Chicago Illustrator Spotlight: Sanya Glisic

By Betsy Mikel in Arts & Entertainment on Feb 8, 2011 5:00PM

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Sanya Glisic's Struwwelpeter, courtesy of Spudnik Press Cooperative.
If you’ve had the pleasure of reading Struwwelpeter, you’d know not to suck your thumbs because the tailor with the giant scissors will cut them off. You’d know to eat your soup or else you will die. And you’d know not to tease children who are different than you because such behavior results in getting dipped in black ink. If you haven’t yet learned these important life lessons, no need to worry. Chicago illustrator and Resident Artist at Spudnik Press Cooperative, Sanya Glisic, has created a new version of the 1844 book that uses whimsical and playful illustrations to capture the dark, often morbid sensibilities of the cautionary children’s tales. According to Spudnik Press, “Glisic’s book is a hand-bound piece of art containing 36 pages of full color screen prints utilizing an astonishing array of overlays and halftones.”

Since Glisic is presenting Struwwelpeter at Quimby’s on Thursday, we checked in with her to see how she became involved with such a strange piece of literature and how she cut off a piece of her thumb - just like the naughty thumb-sucking boy - in the process.

Sanya Glisic presents Struwwelpeter, Feb. 10, Quimby’s, 7 p.m.

Chicagoist: What appealed to you about Der Struwwelpeter and why did you decide to illustrate it? What are you trying to say with your illustrations that isn't said in the text?

Sanya Glisic: I've always been interested in old stories and folk tales. When I was little, both my grandmothers would read me old stories, such as Brothers Grimm tales… Part of me identifies with these old tales, their ability to be incredibly grotesque and at the same time, very simple and beautiful. There is also another part of me that is deeply attracted to the dark humor, the absurd.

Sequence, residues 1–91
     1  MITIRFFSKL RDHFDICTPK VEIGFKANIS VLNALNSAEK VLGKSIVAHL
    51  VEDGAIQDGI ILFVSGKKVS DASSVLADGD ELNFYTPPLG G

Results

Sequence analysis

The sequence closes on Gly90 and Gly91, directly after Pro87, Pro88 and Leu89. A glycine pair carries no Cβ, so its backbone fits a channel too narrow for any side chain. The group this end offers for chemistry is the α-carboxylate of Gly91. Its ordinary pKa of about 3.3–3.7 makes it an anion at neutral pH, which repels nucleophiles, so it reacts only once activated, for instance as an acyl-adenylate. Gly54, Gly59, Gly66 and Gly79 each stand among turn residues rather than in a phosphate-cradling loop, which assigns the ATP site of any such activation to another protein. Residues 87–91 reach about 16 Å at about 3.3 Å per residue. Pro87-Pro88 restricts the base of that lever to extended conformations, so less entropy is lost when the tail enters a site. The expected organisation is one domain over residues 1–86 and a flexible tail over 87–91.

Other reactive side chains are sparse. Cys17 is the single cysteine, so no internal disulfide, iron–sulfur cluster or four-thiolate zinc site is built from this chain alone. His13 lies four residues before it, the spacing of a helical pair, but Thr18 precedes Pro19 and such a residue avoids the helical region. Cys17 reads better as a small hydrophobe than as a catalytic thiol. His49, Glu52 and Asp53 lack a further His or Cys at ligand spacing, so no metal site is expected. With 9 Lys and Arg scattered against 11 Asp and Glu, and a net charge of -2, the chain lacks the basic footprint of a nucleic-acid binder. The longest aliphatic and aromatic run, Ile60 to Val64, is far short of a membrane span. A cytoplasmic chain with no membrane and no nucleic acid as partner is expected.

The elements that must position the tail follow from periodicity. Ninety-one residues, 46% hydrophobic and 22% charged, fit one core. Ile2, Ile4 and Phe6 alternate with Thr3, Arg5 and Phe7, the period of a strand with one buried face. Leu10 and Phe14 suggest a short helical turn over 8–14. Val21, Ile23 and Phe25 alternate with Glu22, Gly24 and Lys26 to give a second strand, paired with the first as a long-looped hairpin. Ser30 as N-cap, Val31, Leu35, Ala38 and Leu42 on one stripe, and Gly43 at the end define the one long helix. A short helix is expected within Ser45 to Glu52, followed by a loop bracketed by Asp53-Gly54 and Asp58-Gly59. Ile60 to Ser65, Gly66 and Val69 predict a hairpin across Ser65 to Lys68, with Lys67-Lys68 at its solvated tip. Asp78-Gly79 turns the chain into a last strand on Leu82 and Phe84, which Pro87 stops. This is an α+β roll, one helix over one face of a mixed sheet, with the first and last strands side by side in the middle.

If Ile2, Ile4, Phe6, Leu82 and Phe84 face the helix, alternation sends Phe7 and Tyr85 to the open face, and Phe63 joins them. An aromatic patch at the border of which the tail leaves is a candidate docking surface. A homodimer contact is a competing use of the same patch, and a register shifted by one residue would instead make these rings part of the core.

When I came across Der Struwwelpeter, I had this immediate feeling that I wanted to illustrate it. I love the bizarre characters and the overall morbid, playful mood of the book. Der Struwwelpeter was originally written and published in German in 1844 by Heinrich Hoffmann, and contains ten cautionary tales of misbehaving children. Just really weird, gruesome, incredible stuff.

With illustrating, it's exciting to think of the different ways to creatively approach a story or a character. IIlustration doesn't need to be a literal translation of the text; it can complement the writing in many ways, play with it, expand on it, imagine more of the story, and so on. From the start of my project, the book was meant for an adult audience. I wasn't interested in re-wording or re-writing the stories, in order to make them more politically correct or anything like that. I wanted to emphasize the grotesque and the unusual aspects of these tales with the illustrations.

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Sanya Glisic's Struwwelpeter, courtesy of Spudnik Press Cooperative.
C: Can you talk a little bit about what went into illustrating, screen printing and hand binding these books?

SG: Everything has been pretty hands-on, from drawing to screen printing and eventual binding.

A lot of the initial time went into the planning stages... Figuring out how to convey the story and the character, how to compose the image. I also wanted to experiment more with color-overlays and halftones, geometry and the space of the page. After the pencil drawing is finalized, I move on to the inking process. I really enjoy this part of the process, and I can't rush through it. The finished illustration is then scanned. In Photoshop, I decide where to place the text and the colors. These color separations are printed out on transparencies in preparation for the screen printing process.